Yavapai Food Safety and Preservation
Food Safety education is critically important to the health and well-being of Yavapai County residents. Yavapai County Cooperative Extension and the Yavapai County Community Health Services, Environmental Health Unit, work together to "Make Yavapai County a Safer Place to Eat." Together they established the Food Safety Industry Council, which is an advisory board to the County Board of Supervisors. The purpose of the council is to identify and address food safety issues in Yavapai County.
Safely Preserving Foods at Home
Whether you have been preserving food for years or have only recently rediscovered the practice of growing and preserving your own food, proper equipment, ingredients and techniques are essential to ensuring safer and better quality food at home. Below are some resources to help:
Resources for Home Canning
- USDA Complete Guide to Home Canning: This resource has everything you need to know about canning food at home. It is for people canning for the first time or for experienced canners wanting to improve their canning practices. This publication is available as free download from the National Center for Home Food Preservation website. The Yavapai County Cooperative Extension office also has paper copies of this 196-page, full-color, spiral-bound book available to purchase for $22.00.
- Testing Pressure Canner Gauges: Each year before you begin canning, it is important to ensure that the pressure gauge on your pressure canner is accurate. The Yavapai County Cooperative Extension Office offers free testing for dial gauge pressure canners. Call us at (928) 445-6590 for questions or to identify a good time to bring in your gauge for testing.
Resources for Freezing
- How Do I Freeze? page on the National Center for Home Food Preservation's website has instructions for freezing a long list of fruits and vegetables (from apples to zucchini) and meats.
- NDSU Food Freezing Guide is a comprehensive guide from the North Dakota State University Extension Service that includes general information and principles of safe freezing as well as information for freezing specific food items.
High Altitude Cooking
Elevations over 3,000 feet are considered high altitude. As altitude increases, air pressure and the temperature at which water boils decrease. To correct problems encountered from these differences, it is possible to make adjustments to time, temperature and/or ingredients.
- USDA Food Safety and Inspection Service - High Altitude Cooking and Food Safety
- Colorado State University Extension - High Altitude Food Preparation (P41)
- High Altitude Fact Sheet
Service Dog Awareness Posters
The Food Safety Industry Council created 3 posters to raise consumer awareness about bringing animals into food establishments.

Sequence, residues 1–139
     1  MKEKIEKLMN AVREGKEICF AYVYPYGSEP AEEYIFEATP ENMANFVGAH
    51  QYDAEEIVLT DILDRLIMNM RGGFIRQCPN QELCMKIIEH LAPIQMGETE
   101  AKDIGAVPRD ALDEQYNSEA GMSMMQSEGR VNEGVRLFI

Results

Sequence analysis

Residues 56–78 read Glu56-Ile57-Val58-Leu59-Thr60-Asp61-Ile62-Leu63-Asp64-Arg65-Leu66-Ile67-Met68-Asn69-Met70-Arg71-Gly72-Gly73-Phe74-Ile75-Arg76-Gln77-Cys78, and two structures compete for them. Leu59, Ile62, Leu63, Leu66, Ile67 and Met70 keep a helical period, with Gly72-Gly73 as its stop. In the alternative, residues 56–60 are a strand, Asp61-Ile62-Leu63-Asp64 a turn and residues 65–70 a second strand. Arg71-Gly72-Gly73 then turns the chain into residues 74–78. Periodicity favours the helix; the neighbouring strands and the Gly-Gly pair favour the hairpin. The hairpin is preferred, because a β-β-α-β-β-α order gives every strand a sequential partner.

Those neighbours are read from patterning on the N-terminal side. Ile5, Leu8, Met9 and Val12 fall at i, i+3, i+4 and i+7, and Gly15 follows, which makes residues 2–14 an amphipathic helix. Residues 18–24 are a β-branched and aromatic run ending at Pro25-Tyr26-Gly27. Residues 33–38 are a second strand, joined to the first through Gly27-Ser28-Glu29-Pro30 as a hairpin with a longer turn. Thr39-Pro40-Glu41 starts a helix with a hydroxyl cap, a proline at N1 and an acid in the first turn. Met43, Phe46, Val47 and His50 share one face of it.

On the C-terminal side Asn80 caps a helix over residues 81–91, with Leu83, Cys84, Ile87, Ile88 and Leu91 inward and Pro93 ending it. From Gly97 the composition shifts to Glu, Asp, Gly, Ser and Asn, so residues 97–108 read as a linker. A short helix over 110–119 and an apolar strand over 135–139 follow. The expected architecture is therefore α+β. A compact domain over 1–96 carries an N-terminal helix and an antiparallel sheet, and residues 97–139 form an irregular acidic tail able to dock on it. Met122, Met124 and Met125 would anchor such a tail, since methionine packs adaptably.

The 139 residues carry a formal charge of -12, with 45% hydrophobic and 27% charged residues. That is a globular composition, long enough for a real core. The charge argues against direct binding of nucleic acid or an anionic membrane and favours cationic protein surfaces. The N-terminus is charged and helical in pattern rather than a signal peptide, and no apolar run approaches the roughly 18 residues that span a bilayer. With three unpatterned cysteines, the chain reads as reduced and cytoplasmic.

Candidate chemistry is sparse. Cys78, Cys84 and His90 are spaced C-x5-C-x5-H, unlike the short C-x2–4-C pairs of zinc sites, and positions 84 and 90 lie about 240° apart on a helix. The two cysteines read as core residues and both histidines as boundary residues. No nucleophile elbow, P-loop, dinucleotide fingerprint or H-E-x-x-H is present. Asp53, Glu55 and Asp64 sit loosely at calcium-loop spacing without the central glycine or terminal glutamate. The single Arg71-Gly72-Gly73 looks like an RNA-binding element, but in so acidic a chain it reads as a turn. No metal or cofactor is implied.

Yavapai Food Safety Industry Council
The Yavapai County Food Safety Industry Council (FSIC) was established through a partnership of the University of Arizona Cooperative Extension and the Environmental Health Unit of the Yavapai County Community Health Services (YCCHS). The Council is an advisory board of the County Board of Supervisors (BOS). There are 13 members appointed to the Food Safety Industry Council. Members include two industry representatives appointed from each of the five Board of Supervisors Districts and 3 consumer members at-large. Ex-officio members include The University of Arizona Cooperative Extension, who represent academia and provide on-going research and education in the field of food safety and the Yavapai County Environmental Health Program which represents regulatory.
The purpose of the Yavapai County Food Safety Industry Council is to identify and address food safety issues in Yavapai County. The FSIC serves in an advisory capacity to the University of Arizona Cooperative Extension and the Environmental Health Program of the Yavapai County Community Health Services (YCCHS).
1. Identify food safety education needs of the food service industry and recommend educational programs.
2. Assess current food safety education program offerings and county impacts.
3. Review existing and proposed food policies in the Yavapai County Health Code and make recommendations to the YCCHS, Environmental Health Unit.
4. Assist as a communication bridge between YCCHS and the food service industry.
5. Provide input through YCCHS and the UA on national, state, and local food safety initiatives.
6. Provide input on content and quality of the Food Safety Newsletter.
7. Promote and maximize food safety.
Meetings are held 6 times per year, on the 2nd Monday of every other month. All meetings are open to the public and are subject to the open meeting law. The January, March, July and September meetings are held via teleconference and can be attended at any one of the three health department locations in Prescott, Prescott Valley or Cottonwood. The May and November meetings are face-to-face; see below schedule for locations once they are confirmed.
Board of Supervisors, District 1
Dean Herbert, Deano's Sweet Potato Cafe
Board of Supervisors, District 2
Donna Humbarger, 50s Backseat Diner
John McReynolds, Babe’s Roundup
Board of Supervisors, District 3
Elaine Bremner, Verde Valley Senior Center
Patti Marrs, Verde Valley School
Board of Supervisors, District 4
Randy Bonneville, Bonn-fire, Randall's
Jeanne Briggs, YRMC
Board of Supervisors, District 5
Timothy Lacey, Cracker Barrel
Juan Perez, Puerto Vallarta
Consumers-At Large Members